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review 2017-09-17 11:33
The Thin Man-Buddy Read for Halloween Bingo 2017
The Thin Man - Dashiell Hammett

Lost my review twice now so I'm ready to spit nails.

 

I was happy to read the comments from those that did this buddy read. Other than that, if this is an example of Classic Noir, I don't think I'm going to be a fan. I didn't like anyone. The writing at times was hard to understand since it was written in another time and place. A couple of things I had to go and look up and realized it would have been better for me to just watch an old black and white movie instead.

 

 

"The Thin Man" follows Nick Charles, a former PI who is dragged into looking for a missing man he used to know, Clyde Wynant. Wynant goes missing after a former mistress/lover of his is found murdered. Clyde's terrible ass family shows up and asks him to find Clyde and or just act genuinely annoying. Someone else called them sociopaths in one of the updates and honestly I agree. 

 

Nick Charles is the main character in "The Thin Man." I assume the movies make him and Nora (his wife) more partner like. But besides Nora calming down people, ordering Nick food, and making Nick a drink, there wasn't much for her to do. Oh yeah, she laughed about her husband being flirted with right in front of her.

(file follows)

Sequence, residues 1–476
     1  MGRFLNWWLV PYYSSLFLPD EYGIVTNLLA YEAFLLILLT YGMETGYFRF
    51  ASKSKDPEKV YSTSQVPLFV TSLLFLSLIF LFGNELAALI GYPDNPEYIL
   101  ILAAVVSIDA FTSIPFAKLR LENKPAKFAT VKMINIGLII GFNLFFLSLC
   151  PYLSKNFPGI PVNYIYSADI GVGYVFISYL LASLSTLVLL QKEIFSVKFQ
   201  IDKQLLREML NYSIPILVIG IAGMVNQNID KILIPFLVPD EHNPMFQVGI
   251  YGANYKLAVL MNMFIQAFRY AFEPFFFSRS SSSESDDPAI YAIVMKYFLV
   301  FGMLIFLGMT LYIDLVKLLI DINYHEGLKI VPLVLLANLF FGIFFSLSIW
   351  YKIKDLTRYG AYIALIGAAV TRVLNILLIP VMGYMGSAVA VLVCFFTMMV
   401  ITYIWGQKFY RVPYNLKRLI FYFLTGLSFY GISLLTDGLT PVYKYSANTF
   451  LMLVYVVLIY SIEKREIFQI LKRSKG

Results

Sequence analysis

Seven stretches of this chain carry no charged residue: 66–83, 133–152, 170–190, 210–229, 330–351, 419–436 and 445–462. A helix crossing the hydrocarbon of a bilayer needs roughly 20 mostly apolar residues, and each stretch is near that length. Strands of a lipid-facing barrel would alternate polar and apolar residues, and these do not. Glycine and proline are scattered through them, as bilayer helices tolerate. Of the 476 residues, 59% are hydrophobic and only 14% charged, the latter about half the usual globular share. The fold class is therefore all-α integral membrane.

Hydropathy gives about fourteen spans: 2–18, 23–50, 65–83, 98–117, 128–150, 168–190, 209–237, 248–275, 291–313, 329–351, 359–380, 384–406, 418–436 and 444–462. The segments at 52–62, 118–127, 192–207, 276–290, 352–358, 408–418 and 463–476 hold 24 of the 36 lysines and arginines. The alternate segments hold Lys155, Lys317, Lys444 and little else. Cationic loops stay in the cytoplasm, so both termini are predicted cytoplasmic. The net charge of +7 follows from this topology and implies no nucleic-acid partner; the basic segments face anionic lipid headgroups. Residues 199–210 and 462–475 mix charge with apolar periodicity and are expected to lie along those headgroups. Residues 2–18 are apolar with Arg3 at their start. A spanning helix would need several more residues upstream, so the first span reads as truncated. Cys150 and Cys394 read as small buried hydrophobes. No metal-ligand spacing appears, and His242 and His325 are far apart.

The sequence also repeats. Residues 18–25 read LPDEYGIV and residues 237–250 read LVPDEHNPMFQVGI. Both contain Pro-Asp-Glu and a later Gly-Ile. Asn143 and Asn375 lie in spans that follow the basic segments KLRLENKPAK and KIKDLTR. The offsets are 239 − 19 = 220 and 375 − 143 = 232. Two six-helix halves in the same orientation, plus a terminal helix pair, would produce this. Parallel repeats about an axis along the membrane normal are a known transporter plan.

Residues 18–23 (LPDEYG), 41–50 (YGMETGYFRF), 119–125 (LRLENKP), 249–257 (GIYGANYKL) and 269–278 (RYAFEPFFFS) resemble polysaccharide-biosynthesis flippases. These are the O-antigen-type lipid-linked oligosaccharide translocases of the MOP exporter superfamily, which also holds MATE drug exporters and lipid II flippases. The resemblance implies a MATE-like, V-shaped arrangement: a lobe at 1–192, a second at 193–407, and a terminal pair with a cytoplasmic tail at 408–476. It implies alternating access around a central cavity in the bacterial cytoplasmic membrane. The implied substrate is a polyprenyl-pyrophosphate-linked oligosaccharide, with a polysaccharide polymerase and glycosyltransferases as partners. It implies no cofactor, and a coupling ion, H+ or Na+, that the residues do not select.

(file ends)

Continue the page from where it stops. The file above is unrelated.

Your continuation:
The other characters are cringe worthy individuals. 

 

Mimi Wynant is a terrible mother to her two kids, Dorothy and Gilbert. She's obsessed with finding her ex husband to see what money she can shake out of him. In a crazy scene she loses it and goes incoherent with rage. She also beats her daughter and everyone acts like that's cool.

 

 

Dorothy is a low rent Lolita wannabe.

 

Gilbert is obsessed with his sister (yeah not in a good way) gives her drugs and talks about taking cocaine to make himself sharper. As one does.

 

There's the guy having an affair, but that's okay cause his wife is awful. Shakes head. 

 

Nick is thrown up against criminals and cops and finally announces who did it. I didn't follow the clues at all. So it was a surprise to me. 

 

The writing was typical of the 1930s. I didn't care for it much though. The flow was awful. It was just people drinking and shouting at each other. There's also a random story about cannibalism I'm still confused about including. 

 

The setting of New York during the Christmas holiday didn't feel realistic at all. Did any character mention cold or snow? New York during the last days of Prohibition should have been awesome as a setting.

 

The ending as I said was just a sad trombone sound come to life. Nick explains to Nora the who and the why. She argues with him, he ignores her, and they talk about New Year's Eve.

 

The end.